Amazon Echo Input Review: Making Your Home Stereo Smart

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My home entertainment system consists of an amplifier, a cable box, an HDTV, a turntable, and two speakers I probably paid too much for — and which sound amazing — but that I don't use when listening to music. Why? Because, like many other people, I use streaming services like Spotify, but my stereo isn't connected to the internet.

Enter the Amazon Echo Input ($35), which brings Alexa's smarts to your home stereo. It's not without its issues, but it will be greatly appreciated by those who don't want to invest in a smart speaker when they already have a way to play music.


The Echo Input looks as if Amazon took a hockey puck and smushed it to half its thickness. At 3.1 inches in diameter, it's bigger than a Chromecast device, but at half an inch tall, it has a low profile, which should make it disappear among your stereo equipment. The top of the Input has two buttons, an action button and a button to mute the device's four microphones.

The side has a micro USB port to deliver power and a 3.5mm jack to deliver audio to your system (you can also connect the Input via Bluetooth). I know Amazon was trying to keep the price and size of the Input down, but optical audio or RCA output would have been welcome. What's more, the Input ships with only a 3.5mm cable, so I had to dig up a 3.5mm-to-RCA adapter, or use an adapter with my receiver's headphone jack. Good thing I have a huge box of random wires.

At least the Input can connect to 5-GHz Wi-Fi routers, for higher-fidelity streams.


I connected the Input to my stereo system, powered up Amazon's device and then set it up in the Alexa app. After that, it was just a matter of asking Alexa what I wanted to hear. The device can stream music from Amazon, Spotify, Audible, Pandora, SiriusXM and, now, Apple Music.

The Input being an Alexa device, I could also ask it anything I could of any other Alexa device, which includes news, weather, sports and more than 50,000 skills, along with control over smart home gadgets.

The Input was able to hear me from 12 feet away, even as I spoke in a low voice.

I found the four far-field microphones on the Input to be plenty sensitive; with music playing through my stereo, the Input could hear me from 12 feet away, even as I spoke in a low voice.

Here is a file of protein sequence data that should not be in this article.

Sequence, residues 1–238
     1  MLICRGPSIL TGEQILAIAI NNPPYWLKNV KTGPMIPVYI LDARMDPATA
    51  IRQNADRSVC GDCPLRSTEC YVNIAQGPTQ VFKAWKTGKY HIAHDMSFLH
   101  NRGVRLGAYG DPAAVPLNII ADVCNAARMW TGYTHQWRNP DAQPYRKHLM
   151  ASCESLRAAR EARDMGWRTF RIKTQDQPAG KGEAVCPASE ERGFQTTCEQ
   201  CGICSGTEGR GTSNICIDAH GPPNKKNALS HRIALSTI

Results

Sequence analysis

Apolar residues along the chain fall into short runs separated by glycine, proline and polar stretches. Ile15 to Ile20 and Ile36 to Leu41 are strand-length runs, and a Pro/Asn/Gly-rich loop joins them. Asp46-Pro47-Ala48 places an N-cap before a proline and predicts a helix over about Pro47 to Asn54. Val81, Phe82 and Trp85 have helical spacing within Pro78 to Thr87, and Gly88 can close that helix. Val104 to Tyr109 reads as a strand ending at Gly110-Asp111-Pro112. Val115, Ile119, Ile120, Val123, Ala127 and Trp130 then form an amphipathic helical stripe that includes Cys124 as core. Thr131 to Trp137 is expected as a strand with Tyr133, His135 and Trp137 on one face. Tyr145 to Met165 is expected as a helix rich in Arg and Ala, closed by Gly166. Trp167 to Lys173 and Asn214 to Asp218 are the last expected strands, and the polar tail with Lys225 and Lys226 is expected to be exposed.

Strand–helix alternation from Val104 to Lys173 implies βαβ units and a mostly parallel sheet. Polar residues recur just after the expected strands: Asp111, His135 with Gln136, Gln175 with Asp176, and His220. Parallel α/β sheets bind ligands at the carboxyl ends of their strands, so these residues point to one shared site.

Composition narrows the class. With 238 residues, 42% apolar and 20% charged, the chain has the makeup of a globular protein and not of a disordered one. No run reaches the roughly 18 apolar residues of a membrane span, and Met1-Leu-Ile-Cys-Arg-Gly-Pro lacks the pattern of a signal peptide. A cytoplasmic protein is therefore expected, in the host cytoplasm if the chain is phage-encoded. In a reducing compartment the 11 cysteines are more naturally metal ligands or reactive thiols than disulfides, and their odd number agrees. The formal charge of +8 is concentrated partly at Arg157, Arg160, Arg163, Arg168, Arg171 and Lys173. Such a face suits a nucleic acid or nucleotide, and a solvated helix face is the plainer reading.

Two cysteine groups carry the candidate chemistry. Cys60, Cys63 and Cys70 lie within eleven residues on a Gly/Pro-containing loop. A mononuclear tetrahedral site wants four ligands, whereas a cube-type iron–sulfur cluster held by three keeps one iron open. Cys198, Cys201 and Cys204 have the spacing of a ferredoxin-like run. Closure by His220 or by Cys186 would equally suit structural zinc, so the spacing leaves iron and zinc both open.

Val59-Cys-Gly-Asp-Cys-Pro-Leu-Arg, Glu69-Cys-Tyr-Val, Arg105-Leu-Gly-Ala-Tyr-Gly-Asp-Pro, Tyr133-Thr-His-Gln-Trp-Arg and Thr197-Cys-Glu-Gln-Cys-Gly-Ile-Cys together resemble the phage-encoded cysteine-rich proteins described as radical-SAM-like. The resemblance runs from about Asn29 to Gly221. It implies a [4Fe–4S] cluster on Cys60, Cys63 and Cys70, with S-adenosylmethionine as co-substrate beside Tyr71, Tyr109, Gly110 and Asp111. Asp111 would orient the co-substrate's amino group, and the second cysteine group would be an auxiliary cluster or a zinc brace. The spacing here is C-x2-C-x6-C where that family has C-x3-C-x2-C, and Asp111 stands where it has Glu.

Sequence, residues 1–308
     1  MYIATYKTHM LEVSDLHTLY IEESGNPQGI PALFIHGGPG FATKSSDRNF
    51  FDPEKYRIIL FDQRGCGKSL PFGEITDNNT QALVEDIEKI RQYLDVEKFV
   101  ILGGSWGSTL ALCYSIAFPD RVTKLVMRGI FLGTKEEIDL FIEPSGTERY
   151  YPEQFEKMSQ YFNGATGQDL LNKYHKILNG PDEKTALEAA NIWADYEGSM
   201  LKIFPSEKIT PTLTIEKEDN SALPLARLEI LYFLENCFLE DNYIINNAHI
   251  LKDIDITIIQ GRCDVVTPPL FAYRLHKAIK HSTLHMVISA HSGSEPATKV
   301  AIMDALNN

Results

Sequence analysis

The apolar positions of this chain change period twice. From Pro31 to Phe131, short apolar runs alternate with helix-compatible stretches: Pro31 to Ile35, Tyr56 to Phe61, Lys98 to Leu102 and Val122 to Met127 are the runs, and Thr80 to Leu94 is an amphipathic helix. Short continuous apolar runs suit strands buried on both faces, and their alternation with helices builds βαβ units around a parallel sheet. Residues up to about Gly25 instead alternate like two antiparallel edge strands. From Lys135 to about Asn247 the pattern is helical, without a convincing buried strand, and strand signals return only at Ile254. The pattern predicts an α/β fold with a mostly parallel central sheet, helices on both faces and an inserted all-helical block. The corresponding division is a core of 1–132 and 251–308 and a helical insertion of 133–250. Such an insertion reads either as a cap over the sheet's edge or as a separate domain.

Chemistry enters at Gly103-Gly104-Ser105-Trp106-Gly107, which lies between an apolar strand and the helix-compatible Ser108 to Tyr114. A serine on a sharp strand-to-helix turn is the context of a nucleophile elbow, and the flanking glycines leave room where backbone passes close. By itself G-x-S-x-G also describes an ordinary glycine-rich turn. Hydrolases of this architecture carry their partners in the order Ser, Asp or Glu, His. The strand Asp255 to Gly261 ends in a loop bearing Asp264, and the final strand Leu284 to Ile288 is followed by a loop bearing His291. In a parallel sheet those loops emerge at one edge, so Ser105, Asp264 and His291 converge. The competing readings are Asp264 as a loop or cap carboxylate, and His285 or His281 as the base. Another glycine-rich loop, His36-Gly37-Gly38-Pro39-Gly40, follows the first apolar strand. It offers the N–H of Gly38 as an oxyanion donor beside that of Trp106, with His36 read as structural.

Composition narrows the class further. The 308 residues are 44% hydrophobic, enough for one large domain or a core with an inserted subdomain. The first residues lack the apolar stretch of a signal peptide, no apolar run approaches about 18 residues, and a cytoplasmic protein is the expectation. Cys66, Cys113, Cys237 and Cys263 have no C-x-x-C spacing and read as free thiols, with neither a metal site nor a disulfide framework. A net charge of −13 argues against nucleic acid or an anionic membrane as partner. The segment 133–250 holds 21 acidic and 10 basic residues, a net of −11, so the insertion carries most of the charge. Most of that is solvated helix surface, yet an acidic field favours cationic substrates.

MORE: Best Amazon Alexa Skills

The only issue with using the Input rather than a dedicated Alexa-enabled speaker is that I had to remember to turn my receiver to the proper input, else I wouldn't hear anything. You can ask Alexa to raise and lower the volume, but I found it easier to program my Harmony remote for that purpose.

Bottom Line

Amazon's Echo and Echo Dot and every other smart speaker with Alexa built in are great for those who want an all-in-one audio-entertainment device. But what if you already have a stereo system that sounds far better? The Chromecast Audio fills a similar niche for music, but that device lacks a built-in voice assistant. The Echo Input is a device that I and, I suspect, plenty others have been waiting for.

Credit: Tom's Guide

Mike Prospero
U.S. Editor-in-Chief, Tom's Guide

Michael A. Prospero is the U.S. Editor-in-Chief for Tom’s Guide. He oversees all evergreen content and oversees the Homes, Smart Home, and Fitness/Wearables categories for the site. In his spare time, he also tests out the latest drones, electric scooters, and smart home gadgets, such as video doorbells. Before his tenure at Tom's Guide, he was the Reviews Editor for Laptop Magazine, a reporter at Fast Company, the Times of Trenton, and, many eons back, an intern at George magazine. He received his undergraduate degree from Boston College, where he worked on the campus newspaper The Heights, and then attended the Columbia University school of Journalism. When he’s not testing out the latest running watch, electric scooter, or skiing or training for a marathon, he’s probably using the latest sous vide machine, smoker, or pizza oven, to the delight — or chagrin — of his family.